This post contains references to products from one or more of our advertisers. We may receive compensation when you click on links to those products. For an explanation of our Advertising Disclosure, visit this page.

Geoffrey Baer (Credit: WTTW and Brian Canelles)
Geoffrey Baer (Credit: WTTW and Brian Canelles)

Want to know how to travel in style, just like the pros? We check in with frequent fliers to find out how often they fly, their favorite destinations and what they never leave home without.

Name: Geoffrey Baer

Occupation: Public TV host and producer

Hometown: Chicago

Residence: Evanston, IL (first suburb north of Chicago, but we are in denial that it is a suburb, okay. It’s a REAL town!

College: Miami University, Ohio (undergrad), Northwestern University (grad school)

College major: Radio-TV-Film undergrad, Masters Degree in Theatre


Facebook: Geoffrey Baer’s Chicago (WTTW)

Short bio: I’m an accidental TV host. I broke into the business making local commercials at a TV station in Cincinnati, then moved on to TV stations in Michigan and Philly producing hours and hours of an early magazine program that virtually no one remembers now called PM Magazine (in Philly it was called Evening Magazine). Abruptly quit TV at age 27 to go back to school for theatre. Taught high school theatre at Chicago’s high school for the arts. After five years of that, I used my fancy-schmancy masters degree and earlier TV background to land a job at Chicago’s public television station, WTTW, producing big arts specials for PBS (symphony orchestra and opera broadcasts, dance, and a gospel special starring Patti LaBelle) as well as local documentaries and an arts magazine series. At the same time I was volunteering as a tour guide (docent) for the Chicago Architecture Foundation. One day, by complete coincidence the newly appointed chairman of the board of my own company, WTTW, Chicago, happened to take my tour. I didn’t know him, he didn’t know me. But after seeing my tour he proposed doing it as a TV show. The rest is history. I’ve now written and hosted more than 20 “TV tours” of Chicago for local broadcast as well as national PBS programs and series about architecture and the built environment. Current projects: Weekend in Havana (premiering July 18 at 8pm on PBS) and the second season of 10 That Changed America both for the PBS primetime schedule.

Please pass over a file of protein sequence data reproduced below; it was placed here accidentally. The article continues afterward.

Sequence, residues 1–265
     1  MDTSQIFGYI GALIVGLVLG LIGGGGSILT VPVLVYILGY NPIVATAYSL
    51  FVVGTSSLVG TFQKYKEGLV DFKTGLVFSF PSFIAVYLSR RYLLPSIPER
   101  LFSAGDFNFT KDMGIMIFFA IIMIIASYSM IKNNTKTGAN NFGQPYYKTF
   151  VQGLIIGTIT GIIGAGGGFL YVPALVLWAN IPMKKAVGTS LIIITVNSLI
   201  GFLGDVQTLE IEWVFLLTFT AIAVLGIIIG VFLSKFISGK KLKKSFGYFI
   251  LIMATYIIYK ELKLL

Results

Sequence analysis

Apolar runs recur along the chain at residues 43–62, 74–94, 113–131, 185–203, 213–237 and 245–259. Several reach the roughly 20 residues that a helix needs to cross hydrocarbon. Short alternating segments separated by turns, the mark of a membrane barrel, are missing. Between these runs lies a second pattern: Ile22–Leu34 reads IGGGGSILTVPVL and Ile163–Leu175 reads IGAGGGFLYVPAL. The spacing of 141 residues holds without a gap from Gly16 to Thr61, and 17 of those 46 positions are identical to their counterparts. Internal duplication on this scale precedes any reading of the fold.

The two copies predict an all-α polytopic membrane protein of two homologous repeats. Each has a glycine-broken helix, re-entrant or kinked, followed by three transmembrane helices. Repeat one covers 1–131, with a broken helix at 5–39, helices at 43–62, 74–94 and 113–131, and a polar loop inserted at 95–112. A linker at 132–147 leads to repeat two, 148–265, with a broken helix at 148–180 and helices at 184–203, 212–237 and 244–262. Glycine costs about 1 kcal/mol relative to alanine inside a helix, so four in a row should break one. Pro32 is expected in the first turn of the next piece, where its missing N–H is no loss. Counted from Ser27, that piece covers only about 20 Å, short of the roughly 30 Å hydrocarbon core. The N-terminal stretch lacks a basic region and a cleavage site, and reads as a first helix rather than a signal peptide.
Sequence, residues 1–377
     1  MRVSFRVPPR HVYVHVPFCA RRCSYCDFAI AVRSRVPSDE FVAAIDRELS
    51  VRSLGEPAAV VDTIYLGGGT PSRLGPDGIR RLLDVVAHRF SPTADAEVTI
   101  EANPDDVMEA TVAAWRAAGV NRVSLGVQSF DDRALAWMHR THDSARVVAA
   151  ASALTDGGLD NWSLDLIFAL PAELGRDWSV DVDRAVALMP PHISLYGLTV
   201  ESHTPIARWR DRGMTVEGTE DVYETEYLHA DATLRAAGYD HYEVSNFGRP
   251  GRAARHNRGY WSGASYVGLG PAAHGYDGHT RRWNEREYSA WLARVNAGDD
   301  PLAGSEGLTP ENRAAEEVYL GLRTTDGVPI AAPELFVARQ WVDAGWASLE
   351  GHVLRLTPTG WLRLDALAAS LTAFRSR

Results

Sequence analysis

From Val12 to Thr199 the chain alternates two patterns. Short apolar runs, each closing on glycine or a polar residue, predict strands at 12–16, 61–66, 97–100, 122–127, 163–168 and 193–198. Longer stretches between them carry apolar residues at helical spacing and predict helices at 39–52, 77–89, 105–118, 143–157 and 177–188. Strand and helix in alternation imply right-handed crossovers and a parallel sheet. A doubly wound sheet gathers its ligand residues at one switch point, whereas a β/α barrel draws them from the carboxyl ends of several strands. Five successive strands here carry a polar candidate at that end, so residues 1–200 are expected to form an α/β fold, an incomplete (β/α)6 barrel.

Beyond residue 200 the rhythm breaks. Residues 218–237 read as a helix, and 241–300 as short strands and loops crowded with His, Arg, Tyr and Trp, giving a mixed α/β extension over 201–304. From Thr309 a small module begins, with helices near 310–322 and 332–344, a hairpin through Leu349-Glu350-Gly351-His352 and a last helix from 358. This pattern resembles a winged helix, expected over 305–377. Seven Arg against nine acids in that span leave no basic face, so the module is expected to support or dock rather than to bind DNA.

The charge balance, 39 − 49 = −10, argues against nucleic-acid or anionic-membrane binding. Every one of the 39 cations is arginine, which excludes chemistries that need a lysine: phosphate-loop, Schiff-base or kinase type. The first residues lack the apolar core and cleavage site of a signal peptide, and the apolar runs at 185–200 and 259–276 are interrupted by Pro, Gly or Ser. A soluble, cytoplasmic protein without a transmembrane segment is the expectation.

How often do you fly? When in production, almost every week.

How many countries have you been to? Almost every country in western Europe, Greece, former Yugoslavia, Mexico, Canada, Cuba, Russia, and China.

How many continents have you been to? Three.

Earliest travel memory: Sleeping on the shelf under the rear window of our family car (1960 Chevy Biscayne) speeding along the highway to a vacation in Wisconsin. My folks said if we were about to get into a crash they would yell for us to duck down behind the back seat. Those were the days.

Favorite American city: Chicago (my viewers would kill me if I didn’t say that). But I also love Boston, Philly, the Maine coast, Minneapolis, San Francisco, Seattle, Portland, and actually Pittsburgh is pretty wonderful! And of course I both love and detest New York.

Favorite international city: Paris.

Least favorite country: Russia.

I have no desire to go to: Places where you can get sick from the water, street food and poor sanitation. I love visiting exotic places, but I’m constantly on edge there due to germ-o-phobia.

Friendliest people in the world: Cubans.

Country with the meanest immigration officers: Yugoslavia and East Germany which thankfully no longer exist. Crossing the border from Greece to Yugoslavia on the way back to Luxembourg where I was spending my college junior year in 1976, the border guards marched one of my classmates off the train at gunpoint (a perfectly naïve-looking Ohio girl) because she had gotten her stolen passport replaced during our trip and her new one was a color the guards had never seen. (This was just when the U.S. was changing their passports from gray to blue). They actually made us leave her behind. She apparently made such a stink that they put her on the next train back to Luxembourg.